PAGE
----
Kjaer Group Inc, Arlington, Va., was awarded on Sept. 29, 2008, a $9,604,582 firm fixed price contract for the four lots of spares in support of Mobile Maintenance and Light Tactical Vehicles for Afghanistan work will be performed in Arlington, Va., with an estimated completion date of Feb. 23, 2009. Bids were solicited via the Web and two bids were received. TACOM, Warren, Mich., is the contracting activity (W56HZV-08-C-0703).

IBM Corporation, Fairfax, Va., was awarded on Oct. 1, 2008, a $8,539,154 firm fixed price contract for the hardware/software Maintenance and Technical Support Services for U.S.
Army Information Technology Agency, Data Center Services Directorate. This delivery order is subject to availability of funds. Work will be performed in Washington, DC, with an estimated completion date of Sept. 30, 2013. Bids were solicited via the Web and one bid was received. Contracting Center of Excellence, The Pentagon, Arlington, Va., is the contracting activity (W912QUZ-06D-0010).

QSS Group Inc, Lanham, Md., was awarded on Sept. 28, 2008, a $9,077,923 time material contract for IT Application Support Services to execute Logistics, Acquisition, Research & Development, and Information Management Tech (IM&T). Work will be performed in Warren, Mich., with an estimated completion date of Sept. 28, 2011. Five bids were solicited and three bids were received. TACOM, Warren, Mich., is the contracting activity (W912CH-06-A-L001).

Lockheed Martin Corp., Missile and Fire Control, Orlando, Fla., was awarded on Oct. 1, 2008, a $5,533,887 cost plus fixed fee contract. The Lockheed martin led team will develop and demonstrate a Video and Image Retrieval and analysis tool system for video data exploitation that enables an analyst to rapidly find video content of intrest fro archives containing thousands of hours of video data, and to provide alerts to the analysts of events of interest during live operations. Work will be performed in Cherry Hill, N.J., Orlando, Fla., Philadelphia, Pa., Pittsburgh, Pa., and Littleton, Colo., with an estimated completion date of Mar. 29, 2010. Bids were solicited via the Web and twenty bids were received. Defense Advanced Research Projects Agency, Arlington, Va., is the contracting activity (HR0011-09-C-0027).

Air Force

L3 Communications Vertex Aerospace of Madison, Miss., is having an option exercised on a current contract for $23,620,000. This action is for the exercise option IX under the contract for Contractor Logistics Support for the C-12 Aircraft for Pacific
Air Force, Air Force Material Command, Defense Intelligence Agency and Defense Security Corporation Agency, consisting of maintenance, repair and support functions for the 2009 fiscal year (1 Oct. 08 through 30 Sept. 09). Tinker AFB, OK, is the contracting activity F34601-00-C-0111-P00462.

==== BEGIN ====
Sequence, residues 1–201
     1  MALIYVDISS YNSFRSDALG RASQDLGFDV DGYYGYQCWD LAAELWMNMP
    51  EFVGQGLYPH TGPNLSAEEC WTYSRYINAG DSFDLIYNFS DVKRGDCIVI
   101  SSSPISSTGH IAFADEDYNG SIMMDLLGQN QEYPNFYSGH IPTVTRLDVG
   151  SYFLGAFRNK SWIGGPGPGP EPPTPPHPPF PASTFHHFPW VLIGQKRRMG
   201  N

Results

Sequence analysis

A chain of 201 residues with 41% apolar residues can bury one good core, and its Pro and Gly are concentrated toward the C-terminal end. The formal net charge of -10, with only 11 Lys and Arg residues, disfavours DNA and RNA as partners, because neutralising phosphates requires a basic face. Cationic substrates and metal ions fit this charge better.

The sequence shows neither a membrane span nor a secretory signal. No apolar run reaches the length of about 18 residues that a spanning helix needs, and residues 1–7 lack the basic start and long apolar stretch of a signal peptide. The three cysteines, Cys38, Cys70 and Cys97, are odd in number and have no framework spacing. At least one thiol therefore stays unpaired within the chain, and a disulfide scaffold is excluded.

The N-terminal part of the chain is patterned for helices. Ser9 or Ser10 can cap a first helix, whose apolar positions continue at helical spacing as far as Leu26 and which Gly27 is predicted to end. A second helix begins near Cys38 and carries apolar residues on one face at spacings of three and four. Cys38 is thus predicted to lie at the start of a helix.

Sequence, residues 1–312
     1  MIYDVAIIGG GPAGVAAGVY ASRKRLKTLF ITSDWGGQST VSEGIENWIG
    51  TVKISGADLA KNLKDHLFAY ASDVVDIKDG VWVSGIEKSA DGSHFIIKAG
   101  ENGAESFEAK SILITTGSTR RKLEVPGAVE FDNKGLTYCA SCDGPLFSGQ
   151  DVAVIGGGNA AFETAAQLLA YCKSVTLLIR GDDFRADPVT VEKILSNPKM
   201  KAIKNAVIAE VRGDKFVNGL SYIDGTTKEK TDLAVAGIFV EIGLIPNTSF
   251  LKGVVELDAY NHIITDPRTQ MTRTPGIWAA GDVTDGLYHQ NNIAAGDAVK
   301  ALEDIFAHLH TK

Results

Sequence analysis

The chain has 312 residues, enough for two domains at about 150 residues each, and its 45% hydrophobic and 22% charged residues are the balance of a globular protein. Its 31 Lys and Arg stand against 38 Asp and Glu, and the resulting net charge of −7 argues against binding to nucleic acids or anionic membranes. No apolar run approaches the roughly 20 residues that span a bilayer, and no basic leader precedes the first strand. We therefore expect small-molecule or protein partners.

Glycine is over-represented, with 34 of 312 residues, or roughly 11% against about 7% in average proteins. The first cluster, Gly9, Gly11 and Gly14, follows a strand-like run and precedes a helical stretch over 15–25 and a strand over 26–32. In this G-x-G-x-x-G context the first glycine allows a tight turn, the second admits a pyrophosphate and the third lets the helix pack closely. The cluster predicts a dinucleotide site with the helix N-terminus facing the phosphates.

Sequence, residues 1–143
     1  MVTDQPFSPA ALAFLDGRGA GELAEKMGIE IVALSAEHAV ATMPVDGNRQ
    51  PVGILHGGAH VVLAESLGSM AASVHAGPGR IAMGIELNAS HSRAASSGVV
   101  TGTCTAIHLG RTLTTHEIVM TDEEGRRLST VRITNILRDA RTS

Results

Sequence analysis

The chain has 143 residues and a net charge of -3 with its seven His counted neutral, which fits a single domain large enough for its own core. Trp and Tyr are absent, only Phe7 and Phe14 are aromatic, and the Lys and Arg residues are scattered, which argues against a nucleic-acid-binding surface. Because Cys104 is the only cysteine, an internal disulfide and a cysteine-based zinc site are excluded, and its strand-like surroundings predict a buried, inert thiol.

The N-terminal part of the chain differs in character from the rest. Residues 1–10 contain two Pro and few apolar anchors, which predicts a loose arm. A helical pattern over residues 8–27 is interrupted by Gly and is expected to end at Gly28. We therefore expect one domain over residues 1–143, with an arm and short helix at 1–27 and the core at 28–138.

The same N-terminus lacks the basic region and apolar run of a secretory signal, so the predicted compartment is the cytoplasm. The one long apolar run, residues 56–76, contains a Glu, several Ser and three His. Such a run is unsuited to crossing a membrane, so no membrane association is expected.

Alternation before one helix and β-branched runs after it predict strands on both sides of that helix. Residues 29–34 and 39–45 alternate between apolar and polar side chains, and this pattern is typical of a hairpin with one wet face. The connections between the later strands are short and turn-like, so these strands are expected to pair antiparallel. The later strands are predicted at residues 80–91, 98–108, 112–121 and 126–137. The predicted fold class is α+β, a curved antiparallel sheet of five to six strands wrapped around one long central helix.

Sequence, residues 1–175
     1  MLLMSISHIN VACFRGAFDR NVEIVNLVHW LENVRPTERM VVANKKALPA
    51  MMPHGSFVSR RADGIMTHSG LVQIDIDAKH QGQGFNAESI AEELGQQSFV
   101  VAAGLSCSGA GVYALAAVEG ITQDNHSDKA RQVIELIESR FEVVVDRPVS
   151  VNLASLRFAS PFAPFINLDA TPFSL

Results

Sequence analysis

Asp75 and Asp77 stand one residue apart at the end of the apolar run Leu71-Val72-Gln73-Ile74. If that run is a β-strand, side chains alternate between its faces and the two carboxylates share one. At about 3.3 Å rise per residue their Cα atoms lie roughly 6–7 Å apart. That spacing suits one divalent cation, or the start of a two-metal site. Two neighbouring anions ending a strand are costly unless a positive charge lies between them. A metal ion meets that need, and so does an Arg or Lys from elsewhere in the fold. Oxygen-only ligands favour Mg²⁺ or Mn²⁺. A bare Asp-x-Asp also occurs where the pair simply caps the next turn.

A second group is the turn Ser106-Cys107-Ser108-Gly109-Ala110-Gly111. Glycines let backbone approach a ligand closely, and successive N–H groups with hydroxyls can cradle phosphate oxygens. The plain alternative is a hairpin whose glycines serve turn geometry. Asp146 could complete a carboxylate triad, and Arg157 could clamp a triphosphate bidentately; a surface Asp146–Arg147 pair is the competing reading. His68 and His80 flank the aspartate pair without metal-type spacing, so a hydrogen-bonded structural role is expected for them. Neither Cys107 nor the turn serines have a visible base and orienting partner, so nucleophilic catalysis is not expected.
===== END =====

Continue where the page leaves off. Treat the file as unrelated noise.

Civil Air Patrol, Inc., of Maxwell Air Force Base Ala., is being awarded a cooperative agreement modification to a current contract for $6,100,500. This modification will increase funding for FY 2009 Civil Air Patrol operation and maintenance and counter-drug activities, drug demand reduction program, support to CAP-USAF State Directors, and support to the AFROTC/CAP flying orientation program for all AFROTC detachments as authorized by 10 U.S.C. 9442(b), 10 U.S.C. 9444(a), and 10 U.S.C. 9444(b). $6,100,500.02 has been obligated. Maxwell AFB, AL is the contracting activity F41689-00-2-0001-A00206.

Northrop Grumman Systems Corp., Integrated Systems Sector of San Diego, Calif., is being awarded a contract modification for $23,187,000. This action will provide for Long Lead associated with 5 Global Hawk Air Vehicles. At this time $23,187,000 has been obligated. Wright-Patterson AFB, OH, is the contracting activity FA8620-08-C-3001.


CAV International Inc., of Colorado Springs, CO 80920-4162, is being awarded a $15,509,395 fixed price modification. This contract modification will exercise option year three to provide continuing Air Terminal and Ground Handling Services on behalf of the Air Mobility Command in support of the Department of Defense Airlift System at Kuwait International Airport Abdullah Al Mubarak Airbase, Kuwait and will be completed Sept. 2009. Contract funds will expire at the end of the current fiscal year. The contracting activity is United States Transportation Command, Directorate of Acquisition, Scott AFB, Ill., 62225 (FA4428-06-C-0005).